• ||

    Underzog spun the cap back on the Concord Grape Manischewitz, then decided to take another swig. If muter thought he was such a boychick, why did she let him use the computer? He was no schmendrik, after all--that's why mume would kvell when he kvetched about the meshuggene over on that web site full of "libertarian" goyim who he would potch around like a bunch of nebbishes.

    He heard her coming and quickly shoved the bottle back into the pantry.

  • The Angry Optimist||

    But when the media, if one takes it at least partially as representative of popular sentiment, represents vouchers, which don't even reduce the tax theivery, as an oppression and drain on "public" funds... well, you have quite a way to go to logical discourse, much less to any improvement.



    Ah, something to use against the ignorant jocks and dumb blondes who comprise 99% of the teaching population next time.

  • Enyap||

    Could anybody explain how merit based pay wouldn't lead to teachers lowering standards, the only solution I can see to that is standardized testing, and most seem to be against that.

  • The Angry Optimist||

    Enyap - have merit-based salaries in other aspects of American societies led to lower-standard fare?

    Of course they haven't. Not to invoke an old cliche, but have you taken Econ 100?

  • ||

    TAO and robc, there are too many variables with the levels of teachability in the students to use a merit pay system IMO. I have a friend whose wife was a first grade teacher in a very low income rural district. She claimed to have students come to school that had never seen a book. They had no concept at all of reading. My kids, otoh, could read and write with comprehension when they went into first grade. Both sets of kids would have to reach the same level to pass into 2nd grade. My friends wife has a very very difficult task. My kids' teachers could basically stay home for the year because my kids were already at the level necessary.

  • ||

    oops. In the situation I described, the teacher with the poor students should get a much higher salary, right?

  • The Angry Optimist||

    Dude, brotherben, no offense, but I hear that excuse constantly. Teaching children really is not that difficult. "ZOMG - you get some rednecks in there who have never seen a book!"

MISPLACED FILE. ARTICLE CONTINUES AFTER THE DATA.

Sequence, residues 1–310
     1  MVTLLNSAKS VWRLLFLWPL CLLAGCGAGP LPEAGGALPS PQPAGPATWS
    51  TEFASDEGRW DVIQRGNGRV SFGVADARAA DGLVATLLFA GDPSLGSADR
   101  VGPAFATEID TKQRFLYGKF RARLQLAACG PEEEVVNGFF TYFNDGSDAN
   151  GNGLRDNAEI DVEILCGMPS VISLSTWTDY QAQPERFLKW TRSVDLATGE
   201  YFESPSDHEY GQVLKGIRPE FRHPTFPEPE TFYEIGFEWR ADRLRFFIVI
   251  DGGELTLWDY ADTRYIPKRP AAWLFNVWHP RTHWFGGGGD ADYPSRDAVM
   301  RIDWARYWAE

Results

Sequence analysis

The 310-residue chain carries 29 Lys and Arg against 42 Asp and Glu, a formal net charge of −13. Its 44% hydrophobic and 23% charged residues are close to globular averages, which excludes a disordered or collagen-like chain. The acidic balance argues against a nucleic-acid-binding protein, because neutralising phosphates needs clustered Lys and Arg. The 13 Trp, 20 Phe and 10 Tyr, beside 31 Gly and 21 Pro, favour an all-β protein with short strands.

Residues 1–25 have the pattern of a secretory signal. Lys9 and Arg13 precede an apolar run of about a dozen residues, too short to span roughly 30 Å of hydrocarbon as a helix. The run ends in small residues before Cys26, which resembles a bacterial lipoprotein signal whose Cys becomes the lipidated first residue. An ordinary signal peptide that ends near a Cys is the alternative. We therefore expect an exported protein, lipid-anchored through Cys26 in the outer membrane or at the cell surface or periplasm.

Yeah, yeah, yeah. Not to say that anyone's lying when they say that, but they are exaggerating.

    And, again, brotherben, you're assuming that it would be based on individual student performance. It needn't. Perhaps you could say "pass percentage X of students into Grade Y - here are the qualifications".

    The number of categorical retards who go into teaching tells me that it could use some competition.

  • ||

    TAO, I agree that there are a lot of real shitty teachers. Down here, it seems the ones that are 3 or 4 years from retirement are the absolute worst. They know they would have to commit murder to get canned and the just don't give a fuck about teaching. Just wanna get them days in and retire. But I also know that there are a lot of kids that are not interested in learning and that are a real disruptive force in the classroom. The teacher's hands are tied when it comes to discipline and the kids know it. The parents don't give a damn, unless little johnny gets cut from the football team or susy can't be a spirit leader. It makes for an environment that isn't appropriate for performance based pay.

  • ||

    "... there are a lot of kids that are not interested in learning ...The teacher's hands are tied ...The parents don't give a damn, ... It makes for an environment that isn't appropriate for performance based pay...."

    What a sob story. Let the teachers quit if they don't like performance pay...if the parents don't care then at least let them have more football coaches and every girl can get a cheerleading uniform. They learn just as much and perhaps some good teachers or principles would make some money and bring in some teachers willing to try their methods. More importantly think of all the pension spending we'd save on.

    Of course I am against public schools.

  • ||

    Idaho is funny about such things. The LDS church is pretty powerful there. I remember in middle school and high school in Weiser Id the mormon kids would go across the street to a church run building during school to attend seminary classes. I don't know if it is still that way.

    That's everywhere actually. Some high schools allow students to take seminary during the school day while others do seminary right before high school starts (normally at 6AM). It's allowed because it doesn't count at all towards their graduation requirement. So it doesn't violate SoCS.

  • ||

    Merit Pay! Pay for Performance! Lots of Shitty Teachers! Teaching children is not that difficult! Yeah, yeah, yeah...

    A while back a study showed that most parents gave their own childrens schools and teachers an average grade of B+. Now throw out the whiners whose little angel can do no wrong and always tell the truth and I'd say a rating like that would merit performance pay.

    I've been an elementary educator for thirty-one years. Hundreds of my students have gone on to college and highly successful careers. Hundreds more went to work right after high school and work successfully at all sorts of jobs. A handful didn't make it through high school, and a few went bad. Lots of kids didn't score well on standardized tests. That didn't mean they weren't learning, but some had to figure out that they weren't going to work for NASA.